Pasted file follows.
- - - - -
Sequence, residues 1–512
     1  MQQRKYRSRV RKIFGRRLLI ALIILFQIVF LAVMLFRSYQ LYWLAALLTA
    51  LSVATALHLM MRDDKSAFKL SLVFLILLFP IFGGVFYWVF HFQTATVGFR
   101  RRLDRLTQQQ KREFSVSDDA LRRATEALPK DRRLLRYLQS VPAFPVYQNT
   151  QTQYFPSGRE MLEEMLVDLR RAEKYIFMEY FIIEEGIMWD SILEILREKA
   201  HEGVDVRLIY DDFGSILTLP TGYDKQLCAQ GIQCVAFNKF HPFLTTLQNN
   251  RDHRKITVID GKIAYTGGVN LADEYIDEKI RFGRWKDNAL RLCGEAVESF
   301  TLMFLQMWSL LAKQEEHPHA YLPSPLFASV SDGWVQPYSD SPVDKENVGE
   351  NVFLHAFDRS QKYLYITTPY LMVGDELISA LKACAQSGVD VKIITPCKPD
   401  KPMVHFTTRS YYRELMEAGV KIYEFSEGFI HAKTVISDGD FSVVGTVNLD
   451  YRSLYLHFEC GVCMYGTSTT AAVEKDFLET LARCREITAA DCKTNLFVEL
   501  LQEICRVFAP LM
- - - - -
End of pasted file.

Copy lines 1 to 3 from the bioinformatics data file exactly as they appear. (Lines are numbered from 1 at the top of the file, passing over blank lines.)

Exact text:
Sequence, residues 1–512
     1  MQQRKYRSRV RKIFGRRLLI ALIILFQIVF LAVMLFRSYQ LYWLAALLTA
    51  LSVATALHLM MRDDKSAFKL SLVFLILLFP IFGGVFYWVF HFQTATVGFR